US v. Jerome Farmer
UNPUBLISHED UNITED STATES COURT OF APPEALS FOR THE FOURTH CIRCUIT
UNITED STATES OF AMERICA, Plaintiff Appellee, v. JEROME KINTE FARMER, Defendant Appellant.
Appeal from the United States District Court for the Eastern District of North Carolina, at Raleigh. Malcolm J. Howard, Senior District Judge. (5:02-cr-00312-H-1)
July 10, 2009
July 20, 2009
Before WILKINSON, KING, and SHEDD, Circuit Judges.
Affirmed by unpublished per curiam opinion.
Thomas P. McNamara, Federal Public Defender, Stephen C. Gordon, Assistant Federal Public Defender, Raleigh, North Carolina, for Appellant. George E. B. Holding, United States Attorney, Anne M. Hayes, Jennifer P. May-Parker, Assistant United States Attorneys, Raleigh, North Carolina, for Appellee.
Unpublished opinions are not binding precedent in this circuit.
PER CURIAM: Jerome Kinte Farmer appeals his sentence to twentyfour months in prison imposed in the district court's judgment revoking challenge supervised the release. court's On appeal, that Farmer he does not the
conditions of his supervised release, but he contends that his sentence is plainly unreasonable. We affirm.
We will affirm a sentence imposed after revocation of supervised release if it is within the prescribed statutory
range and not plainly unreasonable. 461 F.3d 433, 439-40 (4th Cir. 2006).
United States v. Crudup, We first consider whether Id.
the sentence is procedurally or substantively unreasonable. at 438.
While a district court must consider the Chapter 7
policy statements, U.S. Sentencing Guidelines Manual Ch. 7, Pt. B (2007), and the statutory requirements and factors applicable to revocation sentences under 18 U.S.C. §§ 3553(a), 3583(e)
(2006), the district court ultimately has broad discretion to revoke the previous sentence and impose a term of imprisonment up to the statutory maximum. Id. at 438-39. Only if we find
the sentence procedurally or substantively unreasonable, must we decide whether it is "plainly" unreasonable. Id. at 439.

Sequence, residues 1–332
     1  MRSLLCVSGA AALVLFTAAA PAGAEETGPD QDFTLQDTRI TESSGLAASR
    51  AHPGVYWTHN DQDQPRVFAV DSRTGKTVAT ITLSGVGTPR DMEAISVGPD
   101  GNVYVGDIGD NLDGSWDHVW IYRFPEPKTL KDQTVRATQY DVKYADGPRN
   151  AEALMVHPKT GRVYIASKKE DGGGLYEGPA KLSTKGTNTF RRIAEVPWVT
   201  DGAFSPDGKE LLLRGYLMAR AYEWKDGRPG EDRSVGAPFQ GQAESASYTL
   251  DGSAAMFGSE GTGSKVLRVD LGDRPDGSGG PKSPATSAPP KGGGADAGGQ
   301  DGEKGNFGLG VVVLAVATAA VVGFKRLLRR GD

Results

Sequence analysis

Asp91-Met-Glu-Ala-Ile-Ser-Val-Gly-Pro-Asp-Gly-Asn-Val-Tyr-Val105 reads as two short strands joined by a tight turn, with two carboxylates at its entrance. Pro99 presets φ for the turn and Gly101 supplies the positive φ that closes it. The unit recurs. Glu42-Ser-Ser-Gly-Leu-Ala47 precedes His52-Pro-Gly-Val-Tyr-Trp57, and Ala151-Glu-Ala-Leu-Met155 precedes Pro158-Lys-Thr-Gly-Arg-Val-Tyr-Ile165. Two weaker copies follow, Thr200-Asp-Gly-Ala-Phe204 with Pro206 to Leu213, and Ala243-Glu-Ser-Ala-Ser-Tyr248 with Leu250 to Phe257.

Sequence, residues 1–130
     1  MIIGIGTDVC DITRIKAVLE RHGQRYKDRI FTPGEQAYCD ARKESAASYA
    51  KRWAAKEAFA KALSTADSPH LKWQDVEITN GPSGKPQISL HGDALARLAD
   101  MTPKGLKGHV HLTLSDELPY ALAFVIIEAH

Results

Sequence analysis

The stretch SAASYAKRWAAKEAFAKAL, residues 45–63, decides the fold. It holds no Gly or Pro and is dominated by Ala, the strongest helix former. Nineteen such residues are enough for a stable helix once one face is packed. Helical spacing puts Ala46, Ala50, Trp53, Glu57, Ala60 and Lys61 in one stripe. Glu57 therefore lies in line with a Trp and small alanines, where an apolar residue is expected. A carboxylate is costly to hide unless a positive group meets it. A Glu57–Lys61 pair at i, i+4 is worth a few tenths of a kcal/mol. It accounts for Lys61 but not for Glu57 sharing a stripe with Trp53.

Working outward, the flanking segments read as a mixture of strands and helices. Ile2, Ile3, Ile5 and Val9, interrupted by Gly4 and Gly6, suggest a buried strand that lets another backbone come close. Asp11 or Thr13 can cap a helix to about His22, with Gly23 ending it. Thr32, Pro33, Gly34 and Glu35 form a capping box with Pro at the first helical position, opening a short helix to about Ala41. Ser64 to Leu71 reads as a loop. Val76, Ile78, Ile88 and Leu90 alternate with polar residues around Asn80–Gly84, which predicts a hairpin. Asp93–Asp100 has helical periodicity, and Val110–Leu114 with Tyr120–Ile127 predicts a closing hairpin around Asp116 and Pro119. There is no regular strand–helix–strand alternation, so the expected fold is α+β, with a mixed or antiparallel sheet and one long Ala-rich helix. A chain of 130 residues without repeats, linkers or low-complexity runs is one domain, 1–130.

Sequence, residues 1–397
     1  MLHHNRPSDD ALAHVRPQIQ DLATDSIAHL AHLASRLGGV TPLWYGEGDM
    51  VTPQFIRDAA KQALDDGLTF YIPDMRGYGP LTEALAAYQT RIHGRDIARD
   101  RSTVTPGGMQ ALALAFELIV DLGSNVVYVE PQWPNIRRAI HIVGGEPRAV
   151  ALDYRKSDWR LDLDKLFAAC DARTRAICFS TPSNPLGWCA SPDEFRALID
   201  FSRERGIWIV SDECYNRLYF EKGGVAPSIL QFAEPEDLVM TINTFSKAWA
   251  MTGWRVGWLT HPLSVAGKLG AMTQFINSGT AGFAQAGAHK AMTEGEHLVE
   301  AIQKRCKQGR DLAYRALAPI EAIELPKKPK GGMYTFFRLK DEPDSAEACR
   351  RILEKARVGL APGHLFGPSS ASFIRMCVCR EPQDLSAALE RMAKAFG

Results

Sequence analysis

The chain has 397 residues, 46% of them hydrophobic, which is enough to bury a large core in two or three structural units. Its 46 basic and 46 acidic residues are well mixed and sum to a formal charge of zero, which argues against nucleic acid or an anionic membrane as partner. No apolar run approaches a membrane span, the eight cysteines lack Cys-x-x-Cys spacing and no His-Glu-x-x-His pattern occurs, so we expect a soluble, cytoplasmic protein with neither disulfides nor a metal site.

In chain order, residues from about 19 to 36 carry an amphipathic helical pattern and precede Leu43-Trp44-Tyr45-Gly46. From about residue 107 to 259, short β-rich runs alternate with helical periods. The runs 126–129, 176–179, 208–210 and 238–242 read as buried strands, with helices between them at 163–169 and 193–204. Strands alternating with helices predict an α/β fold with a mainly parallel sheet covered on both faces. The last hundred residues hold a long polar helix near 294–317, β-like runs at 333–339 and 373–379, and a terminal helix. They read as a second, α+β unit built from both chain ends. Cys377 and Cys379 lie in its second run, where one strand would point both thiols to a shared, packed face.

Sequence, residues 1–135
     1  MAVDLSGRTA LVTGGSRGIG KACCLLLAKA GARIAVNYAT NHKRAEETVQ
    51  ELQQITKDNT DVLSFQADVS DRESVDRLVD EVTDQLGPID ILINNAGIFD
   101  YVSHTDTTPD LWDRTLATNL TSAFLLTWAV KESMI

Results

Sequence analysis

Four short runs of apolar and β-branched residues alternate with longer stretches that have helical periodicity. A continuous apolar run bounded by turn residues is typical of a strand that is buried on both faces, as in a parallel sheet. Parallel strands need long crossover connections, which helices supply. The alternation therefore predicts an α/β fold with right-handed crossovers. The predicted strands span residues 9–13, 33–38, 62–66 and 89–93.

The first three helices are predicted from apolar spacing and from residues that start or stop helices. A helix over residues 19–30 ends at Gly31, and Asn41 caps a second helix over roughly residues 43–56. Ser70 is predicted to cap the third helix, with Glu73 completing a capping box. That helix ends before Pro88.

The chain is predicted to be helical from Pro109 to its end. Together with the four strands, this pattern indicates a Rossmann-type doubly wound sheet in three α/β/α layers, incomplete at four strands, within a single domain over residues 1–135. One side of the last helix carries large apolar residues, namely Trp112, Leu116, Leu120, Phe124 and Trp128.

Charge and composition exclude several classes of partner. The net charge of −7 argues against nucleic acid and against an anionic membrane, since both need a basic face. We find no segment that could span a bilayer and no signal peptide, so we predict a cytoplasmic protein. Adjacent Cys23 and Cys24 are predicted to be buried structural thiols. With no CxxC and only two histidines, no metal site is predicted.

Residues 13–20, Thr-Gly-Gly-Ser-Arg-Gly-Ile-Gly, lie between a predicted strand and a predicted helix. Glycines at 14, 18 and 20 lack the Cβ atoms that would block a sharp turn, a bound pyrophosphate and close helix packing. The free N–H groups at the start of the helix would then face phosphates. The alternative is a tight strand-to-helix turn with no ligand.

The district court properly determined that Farmer's Chapter 7 policy statement range was twenty-four months. U.S.C. § 3583(e)(3) (2006); USSG 2 § 7B1.4. In See 18 its
sentence, the district court noted that it had considered the policy statements in Chapter 7, and the court sentenced Farmer to twenty-four months in prison. While Farmer acknowledges his
sentence "comported with the advisory guideline imprisonment," he contends it "contravenes the policy articulated in Chapter 7, and the sentence is therefore plainly unreasonable." Specifically, Farmer argues his sentence runs afoul of Chapter 7 commentary explaining a revocation sentence "should sanction primarily the defendant's breach of trust, while taking into account, to a limited degree, the seriousness of the
underlying violation and the criminal history of the violator." See USSG ch. 7, pt. A, cmt. 3(b). We disagree. The same
commentary notes revocation policy statements provide "for three broad grades of violations [that] permit proportionally longer terms for more serious violations." Id. It is undisputed that
Farmer's most serious violation was Grade A, and with a criminal history category IV and two-year statutory maximum, his Chapter 7 range was twenty-four months. We conclude Farmer's sentence
comports with Chapter 7 and is not plainly unreasonable. We therefore affirm the district court's judgment. dispense with oral argument because the facts and We
contentions are adequately presented in the materials before the court and argument would not aid the decisional process. AFFIRMED 3
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